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Gang Of Four’s influence on modern rock music is undeniable, with U2’s The Edge crediting Gill as a key inspiration, but more importantly, it was Gang Of Four’s sound that was essentially replicated by postpunk revivalists Bloc Party, Franz Ferdinand, Futureheads, The Rakes, and to a lesser degree Interpol. From 1979 until 1995, Gang Of Four released five more albums after Entertainment! then went on hiatus until 2011.

Gill and vocalist Jon King reformed the group to record, release and tour the album Content. However, King had only agreed to come back for one album, so when Gill wanted to release a follow-up in 2015, some tension grew between the oldest of friends and longtime co-conspirators. “We had discussed doing quite a bit of live work following the release of Content,” says Gill. “What it turned into was a couple of weeks in North America and then the Australian trip. We hadn’t really gone much beyond that when Jon said, ‘That’s me done’.” It was amicable, however. “We have known each other for a very, very long time, and sometimes it doesn’t always go well with Jon but that has always been the case,” says Gill. “Right now, he probably finds it odd to see Gang Of Four getting around with a different singer.”


What Happens Next is a bold, new direction musically for Gang Of Four. As with Content, Gill has composed all of the music on the album, however, the instrumentation for the first time has a mostly industrial edge with only few hat tips to the Gang Of Four sound of yore. This new direction is heightened by the inclusion of new singer John Sterry, as well as guest vocals from a range of singers – most notably The Kills and Dead Weather’s Allison Mosshart. The overall result of these elements is a sound that can be best described as neo-Goth. Gill says this new Gang Of Four sound is an appropriate ref;ection of where the band is at currently. “The reason I say that is because every record has always sounded a bit different: to do Entertainment! and then Solid Gold [1981] was a different sounding record – you could see the connections but it was a different sounding thing,” he says. “The difference with this record is that when I began the record, I didn’t really know what I was doing or have a plan, but there were three things that I wanted to do. Number one; that it wouldn’t be looking back and that it wouldn’t have any retro-ness about it. Number two; I wouldn’t impose any rules or restrictions on myself – I would go wherever I wanted with it. And number three; I wanted to do something with collaborators,” Gill states.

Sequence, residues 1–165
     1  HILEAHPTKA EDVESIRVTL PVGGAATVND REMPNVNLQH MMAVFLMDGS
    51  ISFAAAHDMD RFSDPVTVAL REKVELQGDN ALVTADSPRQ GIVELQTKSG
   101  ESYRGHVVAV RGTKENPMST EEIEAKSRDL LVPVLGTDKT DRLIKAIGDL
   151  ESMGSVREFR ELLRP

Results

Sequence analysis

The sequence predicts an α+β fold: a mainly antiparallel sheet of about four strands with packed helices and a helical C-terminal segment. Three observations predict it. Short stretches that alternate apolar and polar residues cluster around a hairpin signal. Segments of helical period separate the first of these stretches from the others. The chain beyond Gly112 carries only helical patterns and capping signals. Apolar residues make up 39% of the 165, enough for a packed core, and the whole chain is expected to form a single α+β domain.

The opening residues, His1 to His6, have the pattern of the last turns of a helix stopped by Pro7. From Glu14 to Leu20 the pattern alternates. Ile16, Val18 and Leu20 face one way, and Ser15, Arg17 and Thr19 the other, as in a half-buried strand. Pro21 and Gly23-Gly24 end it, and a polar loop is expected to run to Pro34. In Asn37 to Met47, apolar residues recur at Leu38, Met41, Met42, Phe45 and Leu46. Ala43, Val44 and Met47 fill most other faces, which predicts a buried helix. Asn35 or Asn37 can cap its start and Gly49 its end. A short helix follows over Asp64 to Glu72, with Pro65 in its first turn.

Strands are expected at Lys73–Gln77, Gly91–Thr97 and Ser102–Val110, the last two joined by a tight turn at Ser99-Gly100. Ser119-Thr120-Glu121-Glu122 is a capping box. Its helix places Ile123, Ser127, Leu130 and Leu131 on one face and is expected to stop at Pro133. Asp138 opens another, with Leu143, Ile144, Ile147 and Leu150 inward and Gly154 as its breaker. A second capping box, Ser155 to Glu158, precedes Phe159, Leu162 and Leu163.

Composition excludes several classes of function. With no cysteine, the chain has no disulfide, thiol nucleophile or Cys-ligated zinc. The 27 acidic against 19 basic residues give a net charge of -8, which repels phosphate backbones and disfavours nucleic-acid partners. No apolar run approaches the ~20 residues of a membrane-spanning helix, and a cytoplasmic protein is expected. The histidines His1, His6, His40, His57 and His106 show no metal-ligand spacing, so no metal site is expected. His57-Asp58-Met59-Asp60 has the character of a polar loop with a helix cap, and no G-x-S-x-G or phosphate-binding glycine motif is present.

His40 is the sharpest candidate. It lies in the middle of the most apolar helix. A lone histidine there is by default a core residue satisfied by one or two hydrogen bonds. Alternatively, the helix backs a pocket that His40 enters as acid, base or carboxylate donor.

As mentioned, the most high profile collaborator on this record is Allison Mosshart, whose half-spoken, sultry vocals contributed to making her main project, The Kills, well recognised and respected worldwide. “The two songs that she features on, ‘England In My Bones’ and ‘Broken Talk’, were two of the first songs written and I got in touch to see if she wanted to come and sing on them and she did. She is a very, very busy woman, so I think I was very pleased that she readily agreed to feature on one of our songs.”